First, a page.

Such skewed preferences in him were evident last October, when Senator Obama voted for the Wall Street bailout. That was a signal, the first of many, that Obama was supportive of bank bailouts, and a generally Wall Street-centric policy. Since then, the bailouts have grown more and more costly, as the Treasury, Federal Reserve Board, and the Federal Deposit Insurance Corporation—to name just three spigots of off-budget cash to banks and rentiers—all joined in the bailout binge.
By late November 2008, the cost of the bailout was estimated to be $3.5 trillion. But Obama, by then the president-elect, had no objection; indeed, his financial team worked closely with the outgoing Bush team to keep the money coming. Those great minds all thought alike, and so by January, when Obama was inaugurated, the total cost of those bailouts had risen to $8 trillion. The next month, February, the new president added nearly another trillion in spending, signing into law a $787 billion stimulus package. And thus by May, the cost of the various bailouts had swelled to as much as $12 trillion.
That's a lot of money, and not surprisingly, it's driving up interest rates, causing the dollar to fall, and even causing other countries to make plans to convert their assets to currencies other than the greenback—or even to create a new world currency altogether. Such talk has spooked not only the markets, but also the country. And Democrats are getting the message on spending: enough is enough.
But don't take my word for it. Take the word of America's No. 1 Democrat, Barack Obama. On May 22, C-SPAN's Steve Scully put this question to the president: "You know the numbers, $1.7 trillion debt, a national deficit of $11 trillion. At what point do we run out of money?"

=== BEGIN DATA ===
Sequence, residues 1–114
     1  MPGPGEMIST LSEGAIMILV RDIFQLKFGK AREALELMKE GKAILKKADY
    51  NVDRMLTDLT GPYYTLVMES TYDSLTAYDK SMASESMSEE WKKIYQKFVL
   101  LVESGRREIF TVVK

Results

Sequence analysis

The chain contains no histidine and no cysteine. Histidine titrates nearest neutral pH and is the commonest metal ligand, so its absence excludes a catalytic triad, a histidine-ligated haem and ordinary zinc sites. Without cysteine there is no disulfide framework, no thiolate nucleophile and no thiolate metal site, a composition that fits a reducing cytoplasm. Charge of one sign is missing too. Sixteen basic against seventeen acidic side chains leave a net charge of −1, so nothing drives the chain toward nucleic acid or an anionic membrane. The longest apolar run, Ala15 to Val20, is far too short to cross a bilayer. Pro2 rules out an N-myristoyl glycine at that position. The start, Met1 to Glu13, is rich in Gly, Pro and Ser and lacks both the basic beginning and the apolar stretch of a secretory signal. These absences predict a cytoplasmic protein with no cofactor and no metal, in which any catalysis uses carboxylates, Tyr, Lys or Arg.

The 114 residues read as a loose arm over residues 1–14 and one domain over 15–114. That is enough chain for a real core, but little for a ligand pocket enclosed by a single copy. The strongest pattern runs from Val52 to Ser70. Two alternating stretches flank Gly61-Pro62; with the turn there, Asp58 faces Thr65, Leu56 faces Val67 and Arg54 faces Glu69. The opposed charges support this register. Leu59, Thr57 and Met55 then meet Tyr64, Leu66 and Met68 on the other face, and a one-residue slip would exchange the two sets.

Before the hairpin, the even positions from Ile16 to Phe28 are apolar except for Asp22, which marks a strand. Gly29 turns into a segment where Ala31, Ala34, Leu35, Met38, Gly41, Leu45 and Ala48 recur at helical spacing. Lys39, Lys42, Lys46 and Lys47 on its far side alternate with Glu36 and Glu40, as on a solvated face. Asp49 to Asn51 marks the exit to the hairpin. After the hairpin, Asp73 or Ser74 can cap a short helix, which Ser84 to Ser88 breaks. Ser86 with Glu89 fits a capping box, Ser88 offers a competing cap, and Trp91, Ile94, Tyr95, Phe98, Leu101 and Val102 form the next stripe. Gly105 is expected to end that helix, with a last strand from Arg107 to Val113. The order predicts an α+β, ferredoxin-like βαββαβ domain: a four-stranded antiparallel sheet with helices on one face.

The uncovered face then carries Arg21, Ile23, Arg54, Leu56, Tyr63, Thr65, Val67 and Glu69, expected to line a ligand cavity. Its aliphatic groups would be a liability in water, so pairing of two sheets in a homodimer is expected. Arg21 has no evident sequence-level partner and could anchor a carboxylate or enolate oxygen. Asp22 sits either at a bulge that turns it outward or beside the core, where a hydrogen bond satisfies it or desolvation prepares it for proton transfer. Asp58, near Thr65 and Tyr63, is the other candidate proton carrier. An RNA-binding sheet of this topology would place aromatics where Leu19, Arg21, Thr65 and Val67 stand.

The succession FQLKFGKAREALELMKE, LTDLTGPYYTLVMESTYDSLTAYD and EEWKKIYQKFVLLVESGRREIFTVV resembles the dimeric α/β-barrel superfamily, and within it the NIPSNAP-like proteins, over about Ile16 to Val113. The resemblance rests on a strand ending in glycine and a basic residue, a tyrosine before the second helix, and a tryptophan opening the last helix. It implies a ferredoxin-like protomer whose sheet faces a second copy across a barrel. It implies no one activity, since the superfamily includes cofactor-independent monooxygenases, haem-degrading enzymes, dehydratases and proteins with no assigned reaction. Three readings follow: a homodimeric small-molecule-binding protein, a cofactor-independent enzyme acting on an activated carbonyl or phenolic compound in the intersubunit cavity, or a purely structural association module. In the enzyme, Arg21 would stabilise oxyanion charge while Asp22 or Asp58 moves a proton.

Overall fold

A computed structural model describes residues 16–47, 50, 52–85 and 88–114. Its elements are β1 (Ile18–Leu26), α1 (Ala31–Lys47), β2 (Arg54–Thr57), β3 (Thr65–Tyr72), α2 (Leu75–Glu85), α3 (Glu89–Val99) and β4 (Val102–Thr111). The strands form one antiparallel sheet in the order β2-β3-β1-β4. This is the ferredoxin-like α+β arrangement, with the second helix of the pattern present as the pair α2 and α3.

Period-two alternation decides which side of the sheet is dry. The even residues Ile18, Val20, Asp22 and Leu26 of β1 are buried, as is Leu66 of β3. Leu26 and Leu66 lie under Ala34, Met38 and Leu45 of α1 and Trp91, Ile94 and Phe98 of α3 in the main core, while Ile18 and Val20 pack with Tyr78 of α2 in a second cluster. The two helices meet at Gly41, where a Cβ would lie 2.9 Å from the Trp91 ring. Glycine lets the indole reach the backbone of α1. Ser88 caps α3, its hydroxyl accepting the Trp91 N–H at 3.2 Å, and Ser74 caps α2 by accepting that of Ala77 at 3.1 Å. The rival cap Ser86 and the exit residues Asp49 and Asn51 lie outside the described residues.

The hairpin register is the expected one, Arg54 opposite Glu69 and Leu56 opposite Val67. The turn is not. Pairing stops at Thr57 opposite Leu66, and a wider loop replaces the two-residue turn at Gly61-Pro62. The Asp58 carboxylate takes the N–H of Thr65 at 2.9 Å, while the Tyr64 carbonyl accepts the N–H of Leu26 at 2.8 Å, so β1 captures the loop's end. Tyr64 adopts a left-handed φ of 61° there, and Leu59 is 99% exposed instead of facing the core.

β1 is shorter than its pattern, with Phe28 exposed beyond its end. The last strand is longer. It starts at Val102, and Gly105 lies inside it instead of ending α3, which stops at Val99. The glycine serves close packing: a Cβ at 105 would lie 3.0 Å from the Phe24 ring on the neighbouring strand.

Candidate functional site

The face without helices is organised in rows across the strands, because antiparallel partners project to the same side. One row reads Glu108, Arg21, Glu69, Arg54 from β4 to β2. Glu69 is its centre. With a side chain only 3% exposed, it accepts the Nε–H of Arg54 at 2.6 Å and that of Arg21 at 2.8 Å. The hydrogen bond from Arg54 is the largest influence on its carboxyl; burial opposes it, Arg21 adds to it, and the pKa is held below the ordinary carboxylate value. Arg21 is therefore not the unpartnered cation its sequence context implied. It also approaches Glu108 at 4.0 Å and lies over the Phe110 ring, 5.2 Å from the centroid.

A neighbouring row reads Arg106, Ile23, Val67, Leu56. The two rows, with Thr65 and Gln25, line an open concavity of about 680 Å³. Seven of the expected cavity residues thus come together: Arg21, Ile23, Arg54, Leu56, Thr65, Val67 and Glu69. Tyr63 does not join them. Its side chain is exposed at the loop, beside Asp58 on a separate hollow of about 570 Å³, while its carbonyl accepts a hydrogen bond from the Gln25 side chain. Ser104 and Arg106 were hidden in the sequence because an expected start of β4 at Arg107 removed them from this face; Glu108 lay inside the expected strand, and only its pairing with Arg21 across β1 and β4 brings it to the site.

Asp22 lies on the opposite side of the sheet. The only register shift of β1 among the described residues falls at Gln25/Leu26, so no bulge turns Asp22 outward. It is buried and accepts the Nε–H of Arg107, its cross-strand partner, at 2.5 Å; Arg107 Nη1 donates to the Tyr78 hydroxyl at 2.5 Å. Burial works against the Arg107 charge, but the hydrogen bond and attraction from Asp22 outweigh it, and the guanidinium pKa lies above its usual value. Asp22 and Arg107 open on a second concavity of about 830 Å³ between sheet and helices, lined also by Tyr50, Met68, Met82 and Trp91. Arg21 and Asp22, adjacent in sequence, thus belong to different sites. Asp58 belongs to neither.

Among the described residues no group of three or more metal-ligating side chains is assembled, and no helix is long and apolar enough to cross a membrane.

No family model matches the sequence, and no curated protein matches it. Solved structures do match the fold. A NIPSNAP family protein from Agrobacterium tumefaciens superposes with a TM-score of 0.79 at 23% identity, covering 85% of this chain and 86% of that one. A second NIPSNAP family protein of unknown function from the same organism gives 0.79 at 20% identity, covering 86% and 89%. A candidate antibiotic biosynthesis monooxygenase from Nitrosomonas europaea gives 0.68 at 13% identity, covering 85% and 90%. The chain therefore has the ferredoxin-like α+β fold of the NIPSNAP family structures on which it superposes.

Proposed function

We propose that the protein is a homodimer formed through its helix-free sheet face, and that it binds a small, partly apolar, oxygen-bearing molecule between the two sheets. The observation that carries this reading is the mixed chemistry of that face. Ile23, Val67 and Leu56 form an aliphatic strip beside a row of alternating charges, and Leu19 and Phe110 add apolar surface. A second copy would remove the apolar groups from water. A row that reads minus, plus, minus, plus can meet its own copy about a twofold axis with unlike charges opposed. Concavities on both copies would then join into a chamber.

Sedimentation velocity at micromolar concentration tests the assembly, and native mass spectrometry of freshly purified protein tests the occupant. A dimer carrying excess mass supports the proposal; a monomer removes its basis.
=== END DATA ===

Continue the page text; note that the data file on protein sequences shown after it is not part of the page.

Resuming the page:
And here's the answer, dooming a big healthcare plan: "Well, we are out of money now. We are operating in deep deficits, not caused by any decisions we've made on healthcare so far."
True enough. America ran out of money before the Obama administration did anything about healthcare—although, of course, the Obamans did just about everything for the banks.
Yet in the meantime, the projected cost of his de-prioritized healthcare plan keeps rising; estimates now vary from $1.6 trillion to $4 trillion over the next 10 years. That's a lot of money—but it's chump change compared to what was spent on the bailouts. Even the total at the high end of current projections, $4 trillion, works out to $400 billion a year. And as we have seen, the bailouts of 2008-2009 ran up the fiscal score by as much as $12 trillion. In other words, the bailouts cost 30 times the annual bill for a new healthcare plan. And from the looks of things now, any healthcare plan that might survive will cost a great deal less than that.
James P. Pinkerton, a fellow at the New America Foundation and a contributor to the Fox News Channel, was a domestic policy aide in the Reagan and Bush 41 White Houses.